Please use this identifier to cite or link to this item: http://hdl.handle.net/10397/17884
Title: Comparison of ultrasound and optical coherence tomography techniques for evaluation of integrity of spontaneously repaired horse cartilage
Authors: Viren, T
Huang, YP
Saarakkala, S
Pulkkinen, H
Tiitu, V
Linjama, A
Kiviranta, I
Lammi, MJ
Brunott, A
Brommer, H
Van Weeren, R
Brama, PAJ
Zheng, YP 
Jurvelin, JS
Toyras, J
Keywords: Articular cartilage
Cartilage repair
High-frequency ultrasound
Optical coherence tomography
Quantitative characterization
Issue Date: 2012
Source: Journal of Medical Engineering and Technology, 2012, v. 36, no. 3, p. 185-192 How to cite?
Journal: Journal of Medical Engineering and Technology 
Abstract: The aim of this study was to compare sensitivity of ultrasound and optical coherence tomography (OCT) techniques for the evaluation of the integrity of spontaneously repaired horse cartilage. Articular surfaces of horse intercarpal joints, featuring both intact tissue and spontaneously healed chondral or osteochondral defects, were imaged ex vivo with arthroscopic ultrasound and laboratory OCT devices. Quantitative ultrasound (integrated reflection coefficient (IRC), apparent integrated backscattering coefficient (AIB) and ultrasound roughness index (URI)) and optical parameters (optical reflection coefficient (ORC), optical roughness index (ORI) and optical backscattering (OBS)) were determined and compared with histological integrity and mechanical properties of the tissue. Spontaneously healed tissue could be quantitatively discerned from the intact tissue with ultrasound and OCT techniques. Furthermore, several significant correlations (p<0.05) were detected between ultrasound and OCT parameters. Superior resolution of OCT provided a more accurate measurement of cartilage surface roughness, while the ultrasound backscattering from the inner structures of the cartilage matched better with the histological findings. Since the techniques were found to be complementary to each other, dual modality imaging techniques could provide a useful tool for the arthroscopic evaluation of the integrity of articular cartilage.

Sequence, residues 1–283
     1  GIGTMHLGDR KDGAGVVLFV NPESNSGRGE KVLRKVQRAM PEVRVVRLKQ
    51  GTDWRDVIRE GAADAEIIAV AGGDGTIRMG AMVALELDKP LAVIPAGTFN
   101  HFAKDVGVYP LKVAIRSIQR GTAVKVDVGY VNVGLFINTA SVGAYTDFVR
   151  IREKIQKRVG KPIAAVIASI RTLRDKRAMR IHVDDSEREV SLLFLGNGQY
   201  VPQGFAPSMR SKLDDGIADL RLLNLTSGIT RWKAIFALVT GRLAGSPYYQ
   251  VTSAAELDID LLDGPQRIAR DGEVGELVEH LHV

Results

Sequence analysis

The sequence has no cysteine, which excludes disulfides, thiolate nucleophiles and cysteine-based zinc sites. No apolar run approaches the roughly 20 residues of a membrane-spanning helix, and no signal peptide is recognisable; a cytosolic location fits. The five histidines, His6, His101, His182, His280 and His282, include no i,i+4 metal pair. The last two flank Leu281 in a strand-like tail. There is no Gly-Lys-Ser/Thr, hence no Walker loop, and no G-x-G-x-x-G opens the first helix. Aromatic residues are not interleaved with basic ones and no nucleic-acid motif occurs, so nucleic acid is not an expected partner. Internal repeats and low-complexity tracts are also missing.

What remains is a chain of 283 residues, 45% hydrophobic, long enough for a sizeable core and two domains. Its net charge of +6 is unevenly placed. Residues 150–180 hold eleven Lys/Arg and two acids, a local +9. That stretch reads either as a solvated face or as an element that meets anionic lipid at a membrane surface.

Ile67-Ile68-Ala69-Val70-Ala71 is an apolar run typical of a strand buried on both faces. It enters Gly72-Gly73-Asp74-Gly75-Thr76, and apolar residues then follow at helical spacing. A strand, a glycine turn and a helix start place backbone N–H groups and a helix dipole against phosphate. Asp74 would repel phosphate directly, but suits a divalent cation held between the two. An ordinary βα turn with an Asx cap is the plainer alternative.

URI: http://hdl.handle.net/10397/17884
ISSN: 0309-1902
DOI: 10.3109/03091902.2012.663054
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